Lemare's successor as civic organist was McConnell Erwin. The 34-year old native Chattanooga and blind musician had graduated from the Cincinnati Conservatory of Music and studied piano in Paris with Isidor Philipp and organ with Marcel Dupre. By 1932, support for the concert series had eroded and Erwin was donating his services. The series ended shortly thereafter. In 1940 a brief attempt by the Kiwanis Club and the WPA was made to start a concert series once again, but the project was short-lived. 

The organ was used only occasionally for many years after that. However, lack of maintenance and damage done during the 1964 renovation to "modernize" the auditorium (in gray and goldish-yellow - the favored colors of the times) contributed to the deterioration of the organ. Sometime in the early 1960s, the String division was kidnapped and taken to a residence south of Atlanta. By the early 1980s, the organ was barely functional. 

In 1985, Austin's Burton Yeager paid a visit to the organ at the behest of the Chattanooga Music Club to analyze the situation. It was found that 46 flue ranks were still playable, 21 ranks were unplayable and 14 ranks were missing completely. 

Evelyn Gibbs, long an active leader of the Chattanooga Music Club, as well as the AGO Chapter, and organist on the large 3-manual Austin at Brainerd Baptist, began spearheading an effort to have the organ renovation included in plans to renovate the auditorium. In December 1987, a very successful Christmas concert attended by nearly 1,000 people was held in the auditorium, featuring area organists, brass, choirs and soloists. Well-covered by the press and television, considerable publicity and support was garnered for the organ renovation project and, consequently, the auditorium renovation project. 

The Music Club actively helped to raise funds for the entire project, with many members calling on business and civic leaders. Then, when Miss Gibbs, a member of the Auditorium Renovation Committee, was out of town on vacation, the committee excluded the organ from the project. The funds which would have gone to the organ renovation went instead to renovation of the front entrance hall. 

The Chattanooga Music Club was out in the cold and had to start fund-raising for the organ renovation all over again, encountering resistance from those who said that, when they gave to the auditorium project in the beginning, it was with the understanding that the organ was included - and they would not or could not give again.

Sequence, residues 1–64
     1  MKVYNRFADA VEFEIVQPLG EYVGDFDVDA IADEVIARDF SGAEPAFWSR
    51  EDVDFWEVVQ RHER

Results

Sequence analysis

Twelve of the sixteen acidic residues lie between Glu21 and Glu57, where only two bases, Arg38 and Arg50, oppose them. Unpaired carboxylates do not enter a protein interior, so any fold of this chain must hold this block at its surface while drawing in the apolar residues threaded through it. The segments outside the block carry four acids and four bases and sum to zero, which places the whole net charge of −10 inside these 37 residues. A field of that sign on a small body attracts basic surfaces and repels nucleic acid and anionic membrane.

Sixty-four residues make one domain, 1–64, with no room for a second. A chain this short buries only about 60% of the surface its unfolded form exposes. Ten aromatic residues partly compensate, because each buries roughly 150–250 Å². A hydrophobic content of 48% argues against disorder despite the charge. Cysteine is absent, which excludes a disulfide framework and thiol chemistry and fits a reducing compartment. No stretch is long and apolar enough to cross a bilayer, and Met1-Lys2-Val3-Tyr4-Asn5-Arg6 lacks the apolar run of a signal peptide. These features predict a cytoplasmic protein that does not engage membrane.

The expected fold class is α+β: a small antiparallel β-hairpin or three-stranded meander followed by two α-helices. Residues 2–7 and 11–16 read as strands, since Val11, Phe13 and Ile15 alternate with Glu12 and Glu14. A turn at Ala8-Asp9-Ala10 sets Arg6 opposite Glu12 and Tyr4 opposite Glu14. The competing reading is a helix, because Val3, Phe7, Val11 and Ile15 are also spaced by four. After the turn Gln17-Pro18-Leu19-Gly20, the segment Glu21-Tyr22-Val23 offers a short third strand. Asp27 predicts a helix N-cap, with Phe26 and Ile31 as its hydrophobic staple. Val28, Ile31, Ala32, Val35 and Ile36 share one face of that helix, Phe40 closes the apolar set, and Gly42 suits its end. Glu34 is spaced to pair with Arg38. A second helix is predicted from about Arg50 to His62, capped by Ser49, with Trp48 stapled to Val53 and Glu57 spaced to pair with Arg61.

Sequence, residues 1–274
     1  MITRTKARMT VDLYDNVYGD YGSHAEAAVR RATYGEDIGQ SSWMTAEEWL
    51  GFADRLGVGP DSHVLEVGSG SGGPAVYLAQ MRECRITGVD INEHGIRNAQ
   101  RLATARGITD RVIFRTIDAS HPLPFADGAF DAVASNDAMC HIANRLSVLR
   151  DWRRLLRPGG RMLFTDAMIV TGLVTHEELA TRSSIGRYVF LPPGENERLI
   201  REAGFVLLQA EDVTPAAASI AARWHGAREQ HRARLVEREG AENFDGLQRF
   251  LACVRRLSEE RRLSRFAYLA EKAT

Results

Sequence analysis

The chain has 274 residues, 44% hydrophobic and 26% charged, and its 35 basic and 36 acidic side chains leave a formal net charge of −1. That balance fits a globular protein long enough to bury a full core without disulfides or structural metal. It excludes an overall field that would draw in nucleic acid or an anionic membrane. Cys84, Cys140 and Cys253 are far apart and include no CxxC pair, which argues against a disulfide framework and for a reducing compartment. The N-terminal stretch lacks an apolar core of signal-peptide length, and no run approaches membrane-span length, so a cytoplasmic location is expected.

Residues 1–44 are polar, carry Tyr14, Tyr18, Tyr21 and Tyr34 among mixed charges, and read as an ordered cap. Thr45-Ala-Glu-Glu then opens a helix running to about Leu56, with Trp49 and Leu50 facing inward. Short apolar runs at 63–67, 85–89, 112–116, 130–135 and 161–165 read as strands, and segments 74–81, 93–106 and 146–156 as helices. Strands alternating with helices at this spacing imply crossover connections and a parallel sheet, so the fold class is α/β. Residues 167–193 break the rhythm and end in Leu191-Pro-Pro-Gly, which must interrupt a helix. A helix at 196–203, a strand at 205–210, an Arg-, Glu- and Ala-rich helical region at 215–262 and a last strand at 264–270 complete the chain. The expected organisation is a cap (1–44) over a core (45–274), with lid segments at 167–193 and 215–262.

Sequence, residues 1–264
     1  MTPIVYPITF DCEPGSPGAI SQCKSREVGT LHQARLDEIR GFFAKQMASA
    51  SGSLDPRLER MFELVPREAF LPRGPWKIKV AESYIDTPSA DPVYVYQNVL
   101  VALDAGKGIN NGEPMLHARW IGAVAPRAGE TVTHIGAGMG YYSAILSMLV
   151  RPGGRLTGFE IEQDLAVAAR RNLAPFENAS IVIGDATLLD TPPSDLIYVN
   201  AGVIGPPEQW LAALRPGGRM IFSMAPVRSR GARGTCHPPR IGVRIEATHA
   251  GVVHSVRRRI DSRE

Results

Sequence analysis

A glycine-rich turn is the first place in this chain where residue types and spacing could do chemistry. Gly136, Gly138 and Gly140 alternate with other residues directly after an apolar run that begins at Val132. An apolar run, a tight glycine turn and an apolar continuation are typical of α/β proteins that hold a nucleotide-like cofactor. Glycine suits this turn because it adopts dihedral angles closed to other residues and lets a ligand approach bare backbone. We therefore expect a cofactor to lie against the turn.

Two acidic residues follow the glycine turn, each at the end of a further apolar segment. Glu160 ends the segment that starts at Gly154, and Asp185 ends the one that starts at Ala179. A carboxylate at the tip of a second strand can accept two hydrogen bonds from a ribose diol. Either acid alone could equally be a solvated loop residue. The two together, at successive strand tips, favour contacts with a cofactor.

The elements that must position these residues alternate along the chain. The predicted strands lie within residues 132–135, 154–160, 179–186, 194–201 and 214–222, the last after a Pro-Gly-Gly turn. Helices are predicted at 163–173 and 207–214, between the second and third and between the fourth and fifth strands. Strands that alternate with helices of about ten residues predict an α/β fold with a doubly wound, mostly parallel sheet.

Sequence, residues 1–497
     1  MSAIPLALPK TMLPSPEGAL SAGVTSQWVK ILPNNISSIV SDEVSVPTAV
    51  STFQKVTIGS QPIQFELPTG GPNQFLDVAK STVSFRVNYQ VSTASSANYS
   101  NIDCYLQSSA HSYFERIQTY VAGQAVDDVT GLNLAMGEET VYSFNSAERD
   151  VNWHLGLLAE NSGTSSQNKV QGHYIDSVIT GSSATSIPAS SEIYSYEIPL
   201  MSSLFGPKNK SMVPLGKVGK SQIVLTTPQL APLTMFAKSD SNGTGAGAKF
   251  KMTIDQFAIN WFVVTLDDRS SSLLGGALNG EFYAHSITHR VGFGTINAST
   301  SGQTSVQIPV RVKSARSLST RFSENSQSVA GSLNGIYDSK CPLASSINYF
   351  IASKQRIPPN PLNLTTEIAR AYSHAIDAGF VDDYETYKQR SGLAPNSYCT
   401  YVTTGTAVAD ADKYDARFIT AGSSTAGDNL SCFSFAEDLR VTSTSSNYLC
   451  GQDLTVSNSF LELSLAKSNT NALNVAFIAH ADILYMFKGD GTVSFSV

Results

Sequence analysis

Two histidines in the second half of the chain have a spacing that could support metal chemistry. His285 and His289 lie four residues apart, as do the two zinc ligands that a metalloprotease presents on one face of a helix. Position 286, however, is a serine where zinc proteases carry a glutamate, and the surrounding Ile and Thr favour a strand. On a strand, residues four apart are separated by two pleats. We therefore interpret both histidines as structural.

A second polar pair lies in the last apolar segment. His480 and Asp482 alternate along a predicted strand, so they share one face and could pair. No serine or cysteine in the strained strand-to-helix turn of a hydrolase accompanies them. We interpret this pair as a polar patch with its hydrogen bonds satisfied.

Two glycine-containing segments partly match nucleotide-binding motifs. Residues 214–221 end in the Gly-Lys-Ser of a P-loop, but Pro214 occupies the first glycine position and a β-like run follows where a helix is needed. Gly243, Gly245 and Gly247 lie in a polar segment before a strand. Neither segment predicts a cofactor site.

The auditorium renovation went forward after members of the Music Club and the Chattanooga Chapter of the American Guild of Organists carried thousands of pipes out of harms way from the chambers 30 to 60 feet above the stage along catwalks high above the floor below to safety in ceiling corner rooms at the opposite end of the building. It was dirty and dusty work; by the end of each shift, the workers looked like they were extras in an old Al Jolson movie.   

With the advent of the Chattanooga Meeting and Convention Center and the UTC Arena, the function of the Auditorium had changed. It was converted from from a flat-floor gold and gray room with folding chairs and the ubiquitous 1960s flying clouds to an elegant sloped-floor theatre-style room with comfortable theatre-style seats. Colors are tan, burgundy, silver and gold - a truly elegant look. The console was positioned in a box just to the left of the stage, in full view of the audience.   

Progress after the committee's decision in May of 1989 has been slow, but definitely steady. Evelyn Gibbs considers the word "No" from a potential donor or foundation to be a challenge, not a negative answer. The console and combination action was completely restored by Austin. Further mechanical work, done by Dennis Milnar and Associates, includes complete restoration of the Great (after the Music Club paid $40,000 to have a new lower ceiling put in the chamber to replace the higher damaged ceiling) and rehabilitation of the Pedal Bombarde unit, though it was subsequently damaged by a water leak. Led by Music Club member Dan McFarlan, a small group has steadily replaced much of the wiring of the organ. Alerted to the location of the kidnapped String division, Barger & Nix went down to Atlanta and rescued it -returning it to its home after a 30-year absence. Music Club and AGO members re-installed the pipes and Dennis Milnar restored the division. A new 75-foot cable was installed.

In July of 2007, the Chattanooga Music Club celebrated the organ's restoration with a concert featuring Peter Richard Conte, the organist of the famed Wanamaker organ in Philadelphia, PA. A crowd of over 3,000 enjoyed patriotic tunes and orchestral transcriptions played on the newly restored Austin. 

On September 18, 2008, the Organ Advisory Committee met with Dennis and Derek Milnar to complete the details for the solid state system for the Austin Organ. 

Donations to the organ renovation project can be made to: Chattanooga Music Club, P O Box 3128, Chattanooga TN 37404. 

Information about the Soldiers and Sailors Memorial Auditorium came from John Wilson's book CHATTANOOGA'S STORY, printed by the CHATTANOOGA NEWS-FREE PRESS and available at area bookstores. 

Information on the organ came from the informative book AUSTIN ORGANS, by Orpha Ochse. It can be purchased through the Organ Historical Society. You can find the OHS website via the website for the
Chattanooga Chaper, American Guild of Organists.